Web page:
The Centre can now formulate a broad guiding policy, while each state will have to figure out the nitty-gritties and the specific requirements and make the resultant policies on their own. The cab fare passenger safety would be directly under the government’s supervision. 

With the passing of this new Act, I hope that the roads become safer. Cases of road rage, rash driving are likely to go down. People will learn to drive more responsibly.

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‘Put The Fear Of Law Into Road Users’

Rashmi Wishnu, 38 an engineering professor from Jodhpur, Rajasthan, met with an accident 12 years ago. The trauma still haunts her. With the new Motor Vehicle Act, she hopes some sanity to return on Indian roads. 

I have just come back to India after having spent three years in the United States. I can clearly feel the stark difference between the way things are run here and in a mature civil society. To use a desi phrase, everything on Indian roads runs ‘Ram bharose’ — your life is in God’s hands, when you negotiate Indian roads. 

I hope the New Motor Vehicles Act will ensure commuters some safety. I have met with an accident and I know traumatic it is. The accident occurred in 2007, and every time I hear a car screech on the road, my heart skips a beat. The trauma comes back to me.  

Back then I used to tie my hair in a long braid. While I was standing at a gas station, a car suddenly came from the wrong side and hit me. I fell and the car ran over my braid. I was just inches away from getting my skull crushed.  

The driver of the car did not even bother to stop. The car stopped only after it rammed into the wall of the gas station. It turned out that the driver was actually a woman, who was still learning how to drive. Her coach was absent that day so she took out her own car for practice. The car did not even have the learners sign on it.  Some passersby helped get up on my feet and I took a few days to recover. 

Years later, when I reached America, I realised the importance they give to traffic rules and regulations.  The traffic rules there are so strict that you can’t wiggle out of an offence by bribing the officer. Only honesty works.  

I am hoping with the introduction of stricter rules, Indian roads will see better days too. However, I am not happy about the fact that there are no strict rules for the safety of children. In the U. S. if a child’s safety is jeopardized, the fine is four times that of a normal offence. The Indian government should give this a thought. For, if children are taught from a young age to follow traffic rules and are kept safe on the roads, they grow up to be conscientious citizens.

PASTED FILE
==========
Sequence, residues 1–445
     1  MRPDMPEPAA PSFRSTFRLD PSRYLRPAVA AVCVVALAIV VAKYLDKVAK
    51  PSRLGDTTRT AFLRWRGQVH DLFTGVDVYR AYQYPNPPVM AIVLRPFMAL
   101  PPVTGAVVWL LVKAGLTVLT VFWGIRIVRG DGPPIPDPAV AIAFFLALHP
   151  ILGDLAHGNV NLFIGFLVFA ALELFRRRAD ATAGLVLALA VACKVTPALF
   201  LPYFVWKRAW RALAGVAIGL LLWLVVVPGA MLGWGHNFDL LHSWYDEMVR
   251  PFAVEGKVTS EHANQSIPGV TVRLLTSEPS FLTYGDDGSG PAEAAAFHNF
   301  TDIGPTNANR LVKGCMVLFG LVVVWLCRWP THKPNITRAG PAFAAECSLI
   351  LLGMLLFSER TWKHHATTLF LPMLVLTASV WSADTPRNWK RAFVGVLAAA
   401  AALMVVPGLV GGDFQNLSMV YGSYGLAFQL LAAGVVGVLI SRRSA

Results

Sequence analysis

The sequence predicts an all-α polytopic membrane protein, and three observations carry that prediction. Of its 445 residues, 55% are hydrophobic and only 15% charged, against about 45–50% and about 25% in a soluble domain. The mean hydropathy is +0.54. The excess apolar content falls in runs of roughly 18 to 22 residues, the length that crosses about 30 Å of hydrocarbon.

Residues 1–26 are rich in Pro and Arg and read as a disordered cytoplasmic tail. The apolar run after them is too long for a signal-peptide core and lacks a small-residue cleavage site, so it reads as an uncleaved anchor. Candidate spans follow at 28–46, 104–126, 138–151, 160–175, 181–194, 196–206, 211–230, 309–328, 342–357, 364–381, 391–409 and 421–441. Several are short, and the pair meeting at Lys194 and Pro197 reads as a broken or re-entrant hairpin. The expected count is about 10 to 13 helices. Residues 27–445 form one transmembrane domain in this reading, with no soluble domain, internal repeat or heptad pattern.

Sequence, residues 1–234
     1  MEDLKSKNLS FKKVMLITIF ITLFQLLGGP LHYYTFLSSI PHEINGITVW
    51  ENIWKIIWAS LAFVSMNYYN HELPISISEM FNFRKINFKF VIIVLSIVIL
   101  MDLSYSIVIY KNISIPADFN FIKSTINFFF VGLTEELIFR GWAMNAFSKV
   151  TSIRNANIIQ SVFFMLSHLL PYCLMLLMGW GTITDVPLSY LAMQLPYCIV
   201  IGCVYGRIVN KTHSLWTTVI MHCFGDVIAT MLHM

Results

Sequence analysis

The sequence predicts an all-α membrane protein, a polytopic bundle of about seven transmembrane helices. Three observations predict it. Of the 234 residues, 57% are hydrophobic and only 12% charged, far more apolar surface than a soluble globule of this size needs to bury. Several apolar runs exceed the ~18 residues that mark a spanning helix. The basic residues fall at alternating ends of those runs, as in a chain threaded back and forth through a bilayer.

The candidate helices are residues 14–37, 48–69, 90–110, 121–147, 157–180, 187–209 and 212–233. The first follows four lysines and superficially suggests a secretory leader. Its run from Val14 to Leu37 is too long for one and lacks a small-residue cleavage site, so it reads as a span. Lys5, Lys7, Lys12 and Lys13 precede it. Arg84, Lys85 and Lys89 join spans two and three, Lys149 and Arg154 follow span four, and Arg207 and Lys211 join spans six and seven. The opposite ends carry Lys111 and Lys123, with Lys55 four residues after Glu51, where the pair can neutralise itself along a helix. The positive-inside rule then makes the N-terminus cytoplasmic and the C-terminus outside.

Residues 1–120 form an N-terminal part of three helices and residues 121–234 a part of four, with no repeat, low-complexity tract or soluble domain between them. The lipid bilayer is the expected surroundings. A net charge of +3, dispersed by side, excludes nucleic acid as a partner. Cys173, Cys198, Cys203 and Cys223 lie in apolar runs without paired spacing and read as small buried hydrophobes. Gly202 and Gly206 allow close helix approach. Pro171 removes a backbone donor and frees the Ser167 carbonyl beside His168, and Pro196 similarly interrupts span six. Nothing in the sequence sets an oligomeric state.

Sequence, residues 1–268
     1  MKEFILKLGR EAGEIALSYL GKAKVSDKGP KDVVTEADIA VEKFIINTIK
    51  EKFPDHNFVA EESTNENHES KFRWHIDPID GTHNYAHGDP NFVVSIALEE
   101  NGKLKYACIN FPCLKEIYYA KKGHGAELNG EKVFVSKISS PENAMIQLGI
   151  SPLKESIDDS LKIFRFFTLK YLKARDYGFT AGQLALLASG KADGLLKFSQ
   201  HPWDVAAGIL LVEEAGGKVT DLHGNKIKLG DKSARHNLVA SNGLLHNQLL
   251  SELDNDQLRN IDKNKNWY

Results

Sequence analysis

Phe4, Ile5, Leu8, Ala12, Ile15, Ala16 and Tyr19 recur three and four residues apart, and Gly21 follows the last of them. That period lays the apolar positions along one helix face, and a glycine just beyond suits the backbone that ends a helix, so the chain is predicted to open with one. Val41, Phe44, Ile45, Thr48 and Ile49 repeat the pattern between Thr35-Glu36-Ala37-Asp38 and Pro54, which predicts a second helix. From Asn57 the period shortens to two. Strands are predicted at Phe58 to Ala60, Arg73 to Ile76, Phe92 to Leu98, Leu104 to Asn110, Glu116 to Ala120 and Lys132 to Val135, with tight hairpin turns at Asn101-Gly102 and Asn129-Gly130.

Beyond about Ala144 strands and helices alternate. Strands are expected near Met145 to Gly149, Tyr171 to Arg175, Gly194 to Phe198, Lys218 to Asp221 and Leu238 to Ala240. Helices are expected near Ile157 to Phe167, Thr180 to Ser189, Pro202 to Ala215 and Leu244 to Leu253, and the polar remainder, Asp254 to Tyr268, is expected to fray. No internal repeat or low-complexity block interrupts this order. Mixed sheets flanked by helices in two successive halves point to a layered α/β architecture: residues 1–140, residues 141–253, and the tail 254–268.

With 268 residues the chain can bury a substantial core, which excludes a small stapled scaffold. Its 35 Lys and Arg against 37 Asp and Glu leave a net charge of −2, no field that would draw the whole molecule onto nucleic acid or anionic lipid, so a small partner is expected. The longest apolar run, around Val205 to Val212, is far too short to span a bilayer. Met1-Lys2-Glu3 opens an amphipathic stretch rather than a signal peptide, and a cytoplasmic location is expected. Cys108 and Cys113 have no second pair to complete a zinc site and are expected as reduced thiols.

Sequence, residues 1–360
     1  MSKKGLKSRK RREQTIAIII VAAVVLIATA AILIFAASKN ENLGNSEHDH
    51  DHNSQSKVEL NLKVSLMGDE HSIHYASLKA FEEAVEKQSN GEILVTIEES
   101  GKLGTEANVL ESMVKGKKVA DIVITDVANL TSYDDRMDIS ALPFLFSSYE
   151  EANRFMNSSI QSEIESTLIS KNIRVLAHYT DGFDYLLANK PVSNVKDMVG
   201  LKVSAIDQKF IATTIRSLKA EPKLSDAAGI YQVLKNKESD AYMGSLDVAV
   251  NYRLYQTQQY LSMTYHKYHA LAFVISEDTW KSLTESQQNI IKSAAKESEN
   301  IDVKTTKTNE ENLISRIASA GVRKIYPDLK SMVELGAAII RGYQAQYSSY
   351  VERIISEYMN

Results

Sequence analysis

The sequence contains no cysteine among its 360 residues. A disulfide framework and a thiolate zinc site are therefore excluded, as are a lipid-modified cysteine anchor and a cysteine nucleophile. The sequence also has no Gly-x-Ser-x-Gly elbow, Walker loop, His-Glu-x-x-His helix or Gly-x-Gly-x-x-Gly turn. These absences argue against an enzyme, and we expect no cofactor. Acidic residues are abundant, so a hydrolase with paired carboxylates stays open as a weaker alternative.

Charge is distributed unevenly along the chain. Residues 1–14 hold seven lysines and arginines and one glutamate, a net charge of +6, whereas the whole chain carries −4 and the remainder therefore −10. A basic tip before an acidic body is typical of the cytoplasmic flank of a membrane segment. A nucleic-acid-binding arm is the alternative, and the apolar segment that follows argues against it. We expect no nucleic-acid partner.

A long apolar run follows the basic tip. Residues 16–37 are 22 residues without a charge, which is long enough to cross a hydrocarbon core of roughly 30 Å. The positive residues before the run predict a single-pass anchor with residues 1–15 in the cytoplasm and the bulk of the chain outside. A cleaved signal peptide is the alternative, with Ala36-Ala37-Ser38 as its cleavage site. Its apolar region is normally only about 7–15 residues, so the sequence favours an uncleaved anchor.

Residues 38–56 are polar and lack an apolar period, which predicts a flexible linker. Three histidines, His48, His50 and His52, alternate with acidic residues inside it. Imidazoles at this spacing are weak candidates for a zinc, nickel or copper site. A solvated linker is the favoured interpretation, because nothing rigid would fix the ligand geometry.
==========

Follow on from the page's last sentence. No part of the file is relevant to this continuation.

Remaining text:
I also had a tough time trying to find good quality helmets for my two kids, so I make them wear cycle helmets, when either of them are riding with me on my scooty. Good quality helmets for both adults and kids are a rarity — there is a good chunk of the society that cannot afford a good quality helmet. 

US authorities also do not unnecessarily harass good Samaritans. However, in India it’s just the opposite case. Once a friend and her brother had gone out for an ice cream at around 11 pm. Three teenage boys were also sitting at the stairs of a nearby vacant building and enjoying their ice cream. Suddenly a window grill fell on a boy’s head, fracturing his skull. My friend and her brother drove them to the hospital, but were harassed so much by the police that they felt bad about having helped someone in need. For days the neighbours would tell them that their car smelled of blood. In the US however, you just call 911 and the paramedics and police arrive almost immediately at the scene. The support system is so phenomenal! India needs to look at providing additional infrastructure and put a sound emergency response system in place, if they want roads to be safer. Just imposing heavy penalty will backfire. 

After coming back from the US I haven’t needed to pay a single bribe because I am more aware of my rights. In the US, citizens can sue the authorities for non-maintenance of roads. But in India, people have to roam around in astronaut suits to get the attention of authorities (as happened in Bengaluru recently). If the government keeps their end of the bargain of providing good and non-congested roads, I am sure it wouldn’t take much for people to keep their end of the bargain –and abide by the rules.

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‘Lakhs Of Livelihoods Depend On Plastic’

Simaranjeet Singh, 40, who runs a plastic manufacturing unit in Bawana, Delhi, feels a complete and sudden ban on single-use plastic will take away the livelihoods of thousands of small scale units and lakhs of workers

Plastic manufacturing is my bread and butter. I do not have any other alternative source of income. Neither do hundreds of small and medium plastic manufacturers, like me, who run industrial units here in Bawana providing employment to over one lakh people in the national capital region (NCR). Owners, labourers, and recyclers — everyone has a job here. 

However, a complete and sudden ban on single-use plastic will upset the ecosystem that has been established here.